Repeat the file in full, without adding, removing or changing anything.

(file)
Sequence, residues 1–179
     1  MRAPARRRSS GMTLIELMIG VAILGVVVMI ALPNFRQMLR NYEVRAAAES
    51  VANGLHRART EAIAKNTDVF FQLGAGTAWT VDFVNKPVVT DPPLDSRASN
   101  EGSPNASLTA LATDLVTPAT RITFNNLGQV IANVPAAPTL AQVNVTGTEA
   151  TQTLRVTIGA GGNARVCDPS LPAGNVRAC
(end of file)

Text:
Sequence, residues 1–179
     1  MRAPARRRSS GMTLIELMIG VAILGVVVMI ALPNFRQMLR NYEVRAAAES
    51  VANGLHRART EAIAKNTDVF FQLGAGTAWT VDFVNKPVVT DPPLDSRASN
   101  EGSPNASLTA LATDLVTPAT RITFNNLGQV IANVPAAPTL AQVNVTGTEA
   151  TQTLRVTIGA GGNARVCDPS LPAGNVRAC